HUTTON: Bowman laying low for state title
By MIKE HUTTON firstname.lastname@example.org, Twitter: @MikeHuttonPT March 24, 2014 6:20PM
Bowman Academy players celebrate their 85-71 victory over Fort Wayne Dwenger in the IHSAA Boys Basketball Semi-State Saturday, March 22, 2014 at Huntington North High School in Huntington, Ind. Photo by Joe Raymond ~For Sun-Times Media
Updated: April 26, 2014 6:20AM
INDIANAPOLIS — Bowman has heard it all.
The renegade team from Gary? It is out there. So what. Deal with the Eagles.
Marvin Rea has been able to collect kids from all over the city because they are starved to play basketball for a great program.
The program recruits itself now. With a public school system that is falling apart day-by-day, Bowman represents hope.
Faced with a $9 million deficit, it’s likely that Lew Wallace will shut down next year, leaving West Side as the only high school in the Gary Community Public School system left. Athletics in Gary has always been defined by basketball.
Bowman is the new face of it.
That is a long way from the glory days of basketball in Gary, when eight schools wrestled each other every year for bragging rights, the conference title and a sectional championship.
Love or loathe them, Bowman has recalibrated basketball in Gary.
Basketball factory? That has followed them around since they started playing.
The standard for urban basketball? Yes. Been beaten to death.
Style of play? Out of control or controlled chaos. I’ve heard both. Personally, I’ll take 84-feet of madness over the Princeton offense any time.
The fact that Marvin Rea was able to slip out of the state final media day before any other coach at Bankers Life Fieldhouse doesn’t necessarily mean its success has become elevator music.
They are on the verge of doing something historic: Winning state titles in three different classes.
They already did something historic last year when they won a title in 2A, making them the first school to win in two classes.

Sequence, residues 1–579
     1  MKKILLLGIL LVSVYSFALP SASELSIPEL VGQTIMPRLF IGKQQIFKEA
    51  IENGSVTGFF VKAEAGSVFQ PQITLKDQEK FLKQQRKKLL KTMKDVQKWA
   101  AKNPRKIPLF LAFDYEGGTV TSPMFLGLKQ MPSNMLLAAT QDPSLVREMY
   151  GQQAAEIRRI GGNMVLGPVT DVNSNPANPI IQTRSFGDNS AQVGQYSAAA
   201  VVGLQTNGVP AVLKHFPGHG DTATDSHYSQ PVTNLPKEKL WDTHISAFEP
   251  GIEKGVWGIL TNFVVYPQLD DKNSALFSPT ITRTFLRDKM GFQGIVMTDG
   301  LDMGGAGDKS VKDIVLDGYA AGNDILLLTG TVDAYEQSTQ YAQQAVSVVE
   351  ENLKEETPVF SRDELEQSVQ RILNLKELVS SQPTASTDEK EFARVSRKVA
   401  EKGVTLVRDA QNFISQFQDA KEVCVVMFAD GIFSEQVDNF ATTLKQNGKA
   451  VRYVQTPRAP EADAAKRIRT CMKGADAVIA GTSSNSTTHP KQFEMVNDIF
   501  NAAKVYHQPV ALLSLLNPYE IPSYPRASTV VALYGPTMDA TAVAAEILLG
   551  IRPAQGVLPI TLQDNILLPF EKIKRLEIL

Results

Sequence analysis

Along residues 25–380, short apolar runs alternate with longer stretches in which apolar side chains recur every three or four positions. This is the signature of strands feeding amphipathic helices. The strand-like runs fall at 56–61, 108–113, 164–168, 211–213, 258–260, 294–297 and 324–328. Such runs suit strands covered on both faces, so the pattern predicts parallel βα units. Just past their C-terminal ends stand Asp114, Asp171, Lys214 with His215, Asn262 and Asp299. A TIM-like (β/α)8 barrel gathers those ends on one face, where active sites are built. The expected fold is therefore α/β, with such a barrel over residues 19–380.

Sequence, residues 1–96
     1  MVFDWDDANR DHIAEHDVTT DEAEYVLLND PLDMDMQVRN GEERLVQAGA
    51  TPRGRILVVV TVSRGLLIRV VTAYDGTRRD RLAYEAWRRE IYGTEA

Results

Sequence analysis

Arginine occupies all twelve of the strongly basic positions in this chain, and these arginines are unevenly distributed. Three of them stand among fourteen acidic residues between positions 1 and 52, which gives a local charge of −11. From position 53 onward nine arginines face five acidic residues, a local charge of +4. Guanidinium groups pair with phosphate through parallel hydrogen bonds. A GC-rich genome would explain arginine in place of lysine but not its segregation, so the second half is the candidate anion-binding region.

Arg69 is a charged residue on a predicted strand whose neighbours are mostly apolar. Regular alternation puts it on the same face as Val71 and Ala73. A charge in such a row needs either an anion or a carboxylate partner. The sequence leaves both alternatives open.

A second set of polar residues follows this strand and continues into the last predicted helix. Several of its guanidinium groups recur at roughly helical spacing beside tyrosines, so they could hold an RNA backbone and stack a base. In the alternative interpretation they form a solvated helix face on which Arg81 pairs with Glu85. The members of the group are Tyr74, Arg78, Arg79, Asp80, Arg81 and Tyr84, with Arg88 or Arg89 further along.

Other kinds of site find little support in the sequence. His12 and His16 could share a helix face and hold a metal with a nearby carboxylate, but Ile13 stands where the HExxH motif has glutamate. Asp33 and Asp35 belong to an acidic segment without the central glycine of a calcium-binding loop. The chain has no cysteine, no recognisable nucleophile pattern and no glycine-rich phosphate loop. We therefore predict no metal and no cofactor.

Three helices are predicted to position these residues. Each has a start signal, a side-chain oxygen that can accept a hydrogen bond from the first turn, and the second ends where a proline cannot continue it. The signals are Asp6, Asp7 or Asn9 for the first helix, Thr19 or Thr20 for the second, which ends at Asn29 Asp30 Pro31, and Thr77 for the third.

And yet nobody seems to care too much, at least right now. It’s strangely quiet.
This is the best Bowman team Rea has had.
He has three Division I players — Davon Dillard, Justin King and Arthur Haggard.
The Eagles beat Lake Central and Indianapolis Tech, the two teams that are going to play for the Class 4A title right behind them on Saturday.
Bowman is playing in its third state finals game in four years.
They really are a team and a program that is mature beyond its six years of Indiana High School Athletic Association existence.
They travel all over the Midwest to play games, partially to compete against the best but also because they have trouble scheduling local teams. The local scheduling part has improved lately but it’s still an issue.
The kids are energized and toughened by their heavy-duty practices and the breath taking pace of their games.
Bowman has learned to tune out the noise and focus on a familiar theme. Family.
“We always talk about being a family and staying together and just listening to the guys in the locker room,” Rea said. “We need to stay focused. We aren’t outlaws. We just like to keep to ourselves.”
There is one difference this time about the game. Greensburg, Bowman’s opponent, is a slight favorite.
The Pirates have three Division I basketball players and two other starters who will play tennis and baseball in college.
They won the state title last year. They have lost two games in two seasons. The Pirates have the kind of point guard, Bryant McIntosh, a Northwestern recruit, who can absolutely run Bowman’s press. See what Kevin “Yogi” Ferrell did two years ago in the state championship game for Park Tudor against the Eagles for an example.
Both Rea and Greensburg coach Stacy Meyer can argue over which team is really the favorite (Meyer isn’t buying it because he believes the Eagles have played a tougher schedule). None of it matters. A Greensburg victory means they are the only 3A school other than Washington to win back-to-back titles.
Both teams have been here before. Talk is cheap. They know the real squawking starts at tip-off when they both have a chance to make history.